|Publication number||US4412105 A|
|Application number||US 06/355,898|
|Publication date||Oct 25, 1983|
|Filing date||Mar 8, 1982|
|Priority date||Mar 8, 1982|
|Publication number||06355898, 355898, US 4412105 A, US 4412105A, US-A-4412105, US4412105 A, US4412105A|
|Inventors||Ralph P. Muscatell|
|Original Assignee||Muscatell Ralph P|
|Export Citation||BiBTeX, EndNote, RefMan|
|Patent Citations (6), Referenced by (22), Classifications (12), Legal Events (4)|
|External Links: USPTO, USPTO Assignment, Espacenet|
Since the earliest times of electrical sound reproduction there has been a continued trend toward ever more realistic and distortion free sound reproduction and methods. Almost all microphones now in use employ some form of a physical diaphragm which is exposed to the sound waves and which in turn is coupled to some form of electrical receiver which translates the vibrations of the diaphragm into electrical signals which can be amplified in suitable amplifiers and connected to loudspeakers or sound recording equipment.
In the oldest form of microphone a diaphragm is connected to a small chamber filled with carbon granules which is traversed by an electrical current which is modulated by the variable resistance of the carbon granules. In more modern microphones the diaphragm is coupled capacitively through a small air space to one electrode of a small capacitor such that the capacitance is modulated by the vibrations of the diaphragm. In another class of microphones, the diaphragm is coupled to an inductor placed in a magnetic field such that the vibration of the diaphragm is translated into a low level alternating potential in the conductor.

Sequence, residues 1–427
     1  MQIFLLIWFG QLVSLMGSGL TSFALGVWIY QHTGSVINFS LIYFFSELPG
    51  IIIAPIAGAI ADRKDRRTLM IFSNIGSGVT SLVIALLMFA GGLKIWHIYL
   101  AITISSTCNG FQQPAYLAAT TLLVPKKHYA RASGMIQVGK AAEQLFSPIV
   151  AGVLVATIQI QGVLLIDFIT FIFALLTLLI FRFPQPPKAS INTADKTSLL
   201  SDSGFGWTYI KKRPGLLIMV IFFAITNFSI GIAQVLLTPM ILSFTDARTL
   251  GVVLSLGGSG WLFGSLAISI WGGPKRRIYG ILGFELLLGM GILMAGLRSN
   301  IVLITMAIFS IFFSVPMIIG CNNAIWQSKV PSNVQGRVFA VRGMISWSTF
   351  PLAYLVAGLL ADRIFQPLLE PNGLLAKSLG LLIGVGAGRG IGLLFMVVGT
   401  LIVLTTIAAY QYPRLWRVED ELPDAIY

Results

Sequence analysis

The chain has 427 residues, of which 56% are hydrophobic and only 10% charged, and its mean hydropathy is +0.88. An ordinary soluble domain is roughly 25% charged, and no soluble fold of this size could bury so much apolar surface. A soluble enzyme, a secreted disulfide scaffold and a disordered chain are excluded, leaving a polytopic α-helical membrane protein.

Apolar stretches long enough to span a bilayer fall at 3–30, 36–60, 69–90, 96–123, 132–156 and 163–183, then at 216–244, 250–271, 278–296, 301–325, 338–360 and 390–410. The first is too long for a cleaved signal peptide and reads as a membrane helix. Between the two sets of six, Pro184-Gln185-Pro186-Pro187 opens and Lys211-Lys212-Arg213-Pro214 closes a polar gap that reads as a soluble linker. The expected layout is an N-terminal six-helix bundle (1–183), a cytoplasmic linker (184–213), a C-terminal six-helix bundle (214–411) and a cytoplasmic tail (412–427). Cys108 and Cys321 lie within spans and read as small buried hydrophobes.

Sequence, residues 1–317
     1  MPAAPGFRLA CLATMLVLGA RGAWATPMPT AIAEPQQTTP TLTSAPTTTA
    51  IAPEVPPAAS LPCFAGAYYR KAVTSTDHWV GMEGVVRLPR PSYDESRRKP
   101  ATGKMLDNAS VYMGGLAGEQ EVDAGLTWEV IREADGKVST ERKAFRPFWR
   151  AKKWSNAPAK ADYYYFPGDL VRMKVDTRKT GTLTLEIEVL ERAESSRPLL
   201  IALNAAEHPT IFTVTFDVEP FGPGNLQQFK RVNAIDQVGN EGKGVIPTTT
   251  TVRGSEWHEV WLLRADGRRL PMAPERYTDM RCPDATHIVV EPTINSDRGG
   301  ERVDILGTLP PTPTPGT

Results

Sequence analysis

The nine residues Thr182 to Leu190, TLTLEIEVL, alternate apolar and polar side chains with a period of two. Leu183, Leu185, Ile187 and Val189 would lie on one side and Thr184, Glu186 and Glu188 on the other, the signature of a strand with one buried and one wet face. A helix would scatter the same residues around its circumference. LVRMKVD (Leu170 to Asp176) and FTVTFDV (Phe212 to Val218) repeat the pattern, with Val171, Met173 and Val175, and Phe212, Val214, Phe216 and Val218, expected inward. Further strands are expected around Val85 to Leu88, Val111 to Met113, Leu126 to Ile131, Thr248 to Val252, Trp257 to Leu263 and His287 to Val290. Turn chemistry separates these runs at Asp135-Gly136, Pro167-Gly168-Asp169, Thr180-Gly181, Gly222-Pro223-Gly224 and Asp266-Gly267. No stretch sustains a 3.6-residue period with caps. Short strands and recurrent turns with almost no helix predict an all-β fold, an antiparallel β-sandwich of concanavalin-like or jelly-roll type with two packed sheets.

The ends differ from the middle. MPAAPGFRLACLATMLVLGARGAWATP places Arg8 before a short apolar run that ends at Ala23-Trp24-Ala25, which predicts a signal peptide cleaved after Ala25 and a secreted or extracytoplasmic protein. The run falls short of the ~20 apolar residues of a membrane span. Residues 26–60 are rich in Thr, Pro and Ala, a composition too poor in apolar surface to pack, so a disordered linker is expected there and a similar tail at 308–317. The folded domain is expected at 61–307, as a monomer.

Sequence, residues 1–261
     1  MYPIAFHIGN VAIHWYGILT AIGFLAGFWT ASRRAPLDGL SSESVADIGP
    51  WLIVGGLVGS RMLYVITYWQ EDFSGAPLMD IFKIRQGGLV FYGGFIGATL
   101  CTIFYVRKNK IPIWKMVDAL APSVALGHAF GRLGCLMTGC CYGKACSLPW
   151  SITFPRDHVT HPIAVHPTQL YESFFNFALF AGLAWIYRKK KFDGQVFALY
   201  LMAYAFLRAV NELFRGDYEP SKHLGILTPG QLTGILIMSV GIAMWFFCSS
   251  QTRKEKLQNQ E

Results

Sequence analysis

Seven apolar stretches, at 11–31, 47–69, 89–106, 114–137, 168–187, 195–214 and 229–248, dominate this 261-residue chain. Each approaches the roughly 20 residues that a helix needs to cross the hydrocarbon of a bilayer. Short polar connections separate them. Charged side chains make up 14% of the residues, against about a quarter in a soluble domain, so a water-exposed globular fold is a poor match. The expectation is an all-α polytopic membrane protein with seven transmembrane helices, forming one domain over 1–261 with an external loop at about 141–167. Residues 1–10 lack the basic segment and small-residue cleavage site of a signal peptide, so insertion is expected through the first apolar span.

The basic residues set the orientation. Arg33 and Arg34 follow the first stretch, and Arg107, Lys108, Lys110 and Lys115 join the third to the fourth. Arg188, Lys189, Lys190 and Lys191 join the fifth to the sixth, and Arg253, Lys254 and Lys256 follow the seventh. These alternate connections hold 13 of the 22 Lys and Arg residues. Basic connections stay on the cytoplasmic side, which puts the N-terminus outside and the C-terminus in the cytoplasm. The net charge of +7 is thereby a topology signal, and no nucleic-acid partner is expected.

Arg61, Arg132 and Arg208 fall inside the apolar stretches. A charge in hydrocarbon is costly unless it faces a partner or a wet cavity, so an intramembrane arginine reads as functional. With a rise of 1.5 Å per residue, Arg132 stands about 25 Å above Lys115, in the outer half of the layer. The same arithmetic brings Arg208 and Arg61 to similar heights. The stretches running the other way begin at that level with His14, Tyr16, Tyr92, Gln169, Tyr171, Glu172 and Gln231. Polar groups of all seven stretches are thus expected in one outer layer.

It follows that whenever a physical diaphragm with even a small but finite mass is interposed between the sound waves and the electrical receiving apparatus, the physical properties of the diaphragm, such as mechanical resonances and standing waves have a distorting effect on the translation of sound waves into electrical signals.